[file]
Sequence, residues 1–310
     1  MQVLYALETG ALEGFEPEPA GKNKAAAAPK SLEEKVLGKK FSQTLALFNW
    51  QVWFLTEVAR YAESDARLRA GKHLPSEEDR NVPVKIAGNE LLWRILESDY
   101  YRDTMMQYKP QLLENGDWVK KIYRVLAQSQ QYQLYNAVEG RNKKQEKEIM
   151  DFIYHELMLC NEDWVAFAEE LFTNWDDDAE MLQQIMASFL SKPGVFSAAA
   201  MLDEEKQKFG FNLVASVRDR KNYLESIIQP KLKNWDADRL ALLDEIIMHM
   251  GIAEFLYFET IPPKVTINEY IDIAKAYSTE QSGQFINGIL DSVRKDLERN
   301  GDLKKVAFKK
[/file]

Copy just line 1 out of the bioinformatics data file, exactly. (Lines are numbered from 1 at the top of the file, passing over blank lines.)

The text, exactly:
Sequence, residues 1–310